McGill University, MS
Ice River Springs Master’s Scholarship for Sustainability Scholar 2016
Driving Factors for Organic Waste and Phosphorus Recycling: A quantitative analysis and scenario based model
The disposal of organic waste to landfill contributes to a one-way flow of nutrients through anthropogenic food and waste systems that can be both wasteful and inefficient. Recycling nutrients, such as phosphorus, from organic waste can contribute to the reduction of waste production, the conversion of waste into a resource, and the restoration of circular biogeochemical cycles. While there is no silver-bullet solution to our current dependence on synthetic fertilizers and associated disruptions to global nutrient cycles, organic waste management strategies such as composting and anaerobic digestion can facilitate the recycling and reuse of nutrients and contribute to a long-term, holistic solution. In recent years, increased diversion of organic waste from landfill to other, more sustainable options, has been presented as a policy goal in many regions, echoed in waste management plans at various governance levels. To promote this organic waste diversion, several policy and management instruments have been used however, the success of these programs varies vastly across regions, and little is known about what makes some regions more successful than others.
Jillian's research aims to explore how socio-economic factors and management strategies have impacted organic waste diversion rates across Europe and Canada, as well as the impact this diversion has had on phosphorus recycling. Subsequently, using Montreal as a case study, the research assesses how current organic waste and phosphorus flows may change as a result of impending adjustments to policy and legislation in the area. Understanding how organic waste management strategies have unfolded in the past, and the impact of such strategies on organic waste diversion and recycling, can provide direction at a time when similar policies are gaining prevalence and momentum across North America. Furthermore, a clearer understanding of how phosphorus and other nutrients move in and through urban areas would help to evaluate the role of organic waste management in more sustainable nutrient management.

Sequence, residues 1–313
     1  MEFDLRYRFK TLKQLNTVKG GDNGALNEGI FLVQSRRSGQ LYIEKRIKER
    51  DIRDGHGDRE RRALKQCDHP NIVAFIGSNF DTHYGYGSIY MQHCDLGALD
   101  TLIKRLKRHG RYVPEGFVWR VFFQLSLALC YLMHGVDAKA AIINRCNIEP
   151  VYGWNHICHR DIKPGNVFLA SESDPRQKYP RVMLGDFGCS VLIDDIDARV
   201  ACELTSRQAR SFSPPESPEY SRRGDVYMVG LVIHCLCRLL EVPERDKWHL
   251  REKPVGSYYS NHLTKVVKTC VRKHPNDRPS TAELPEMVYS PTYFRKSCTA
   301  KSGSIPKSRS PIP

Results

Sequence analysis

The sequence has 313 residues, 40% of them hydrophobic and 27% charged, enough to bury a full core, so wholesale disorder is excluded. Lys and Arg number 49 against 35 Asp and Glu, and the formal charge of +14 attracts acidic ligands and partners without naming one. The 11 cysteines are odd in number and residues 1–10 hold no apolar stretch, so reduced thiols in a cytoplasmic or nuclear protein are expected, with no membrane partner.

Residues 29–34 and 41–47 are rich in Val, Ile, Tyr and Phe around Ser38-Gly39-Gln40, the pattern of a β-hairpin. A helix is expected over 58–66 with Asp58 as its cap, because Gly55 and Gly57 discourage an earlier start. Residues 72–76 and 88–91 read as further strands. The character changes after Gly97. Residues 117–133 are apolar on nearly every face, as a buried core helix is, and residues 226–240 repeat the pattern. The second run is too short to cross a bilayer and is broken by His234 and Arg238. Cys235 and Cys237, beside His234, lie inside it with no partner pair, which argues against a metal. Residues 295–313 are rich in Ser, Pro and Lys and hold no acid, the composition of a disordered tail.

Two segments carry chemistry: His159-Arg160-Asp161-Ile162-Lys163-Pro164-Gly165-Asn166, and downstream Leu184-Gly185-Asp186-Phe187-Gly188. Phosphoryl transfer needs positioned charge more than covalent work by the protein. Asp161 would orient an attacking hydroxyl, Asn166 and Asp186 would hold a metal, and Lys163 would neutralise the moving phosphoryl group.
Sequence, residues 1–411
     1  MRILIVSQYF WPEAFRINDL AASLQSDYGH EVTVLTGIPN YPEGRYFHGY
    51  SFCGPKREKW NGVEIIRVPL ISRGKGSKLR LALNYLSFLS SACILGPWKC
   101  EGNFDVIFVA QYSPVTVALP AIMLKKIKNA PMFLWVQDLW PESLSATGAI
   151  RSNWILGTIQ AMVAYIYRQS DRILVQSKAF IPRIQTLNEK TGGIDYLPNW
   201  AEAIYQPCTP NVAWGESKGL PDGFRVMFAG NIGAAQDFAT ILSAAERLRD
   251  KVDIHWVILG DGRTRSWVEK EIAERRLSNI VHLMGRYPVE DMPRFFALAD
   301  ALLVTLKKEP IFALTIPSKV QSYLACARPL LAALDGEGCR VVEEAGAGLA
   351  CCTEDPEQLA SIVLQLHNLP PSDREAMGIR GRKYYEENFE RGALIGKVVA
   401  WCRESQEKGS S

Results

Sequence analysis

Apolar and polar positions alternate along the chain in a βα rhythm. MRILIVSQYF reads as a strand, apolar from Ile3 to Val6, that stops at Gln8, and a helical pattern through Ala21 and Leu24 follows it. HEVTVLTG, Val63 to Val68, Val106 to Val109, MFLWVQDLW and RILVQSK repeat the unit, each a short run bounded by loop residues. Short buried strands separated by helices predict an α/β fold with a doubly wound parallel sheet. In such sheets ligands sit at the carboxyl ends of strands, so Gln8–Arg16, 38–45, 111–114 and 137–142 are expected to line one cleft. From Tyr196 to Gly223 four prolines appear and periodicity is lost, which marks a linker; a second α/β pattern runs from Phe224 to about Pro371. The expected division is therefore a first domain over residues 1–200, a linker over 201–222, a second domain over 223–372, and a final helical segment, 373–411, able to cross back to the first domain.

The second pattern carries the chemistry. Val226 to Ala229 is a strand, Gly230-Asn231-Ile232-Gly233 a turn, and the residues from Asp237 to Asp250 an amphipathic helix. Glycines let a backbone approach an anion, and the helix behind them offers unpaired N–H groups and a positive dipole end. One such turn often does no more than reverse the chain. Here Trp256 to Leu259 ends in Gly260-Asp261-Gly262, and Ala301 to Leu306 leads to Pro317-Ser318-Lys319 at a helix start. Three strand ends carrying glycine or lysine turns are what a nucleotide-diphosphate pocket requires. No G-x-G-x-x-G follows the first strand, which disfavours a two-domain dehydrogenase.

In 2013, Jillian completed her undergraduate degree at the University of British Columbia with a B.Sc. in Global Resource Systems where her studies were predominantly focused on environmental and climate sciences, sustainable development, and physical geography. During her undergraduate degree, Jillian completed a semester abroad at the CEMUS Centre for Sustainable Development at Uppsala University in Sweden. While at the University of British Columbia, she also completed an internship with Environmental Youth Alliance where she volunteered with students and teachers to facilitate environmental education in elementary schools through the use of school gardens. Following her undergraduate degree, Jillian went on to work for an environmental engineering consulting firm where she focused on alternative solid waste management.
Jillian is currently a master’s student at McGill University in the department of Bioresource Engineering. She is also working on a massive open online course (MOOC) regarding integrated cycles in wastewater and nutrient management in collaboration with Concordia University and the United Nations Environment Programme (UNEP). More broadly, she interested in how we can make human systems more circular, resilient, and sustainable, and beyond that, how to make this science accessible so that these types of systems become more attainable.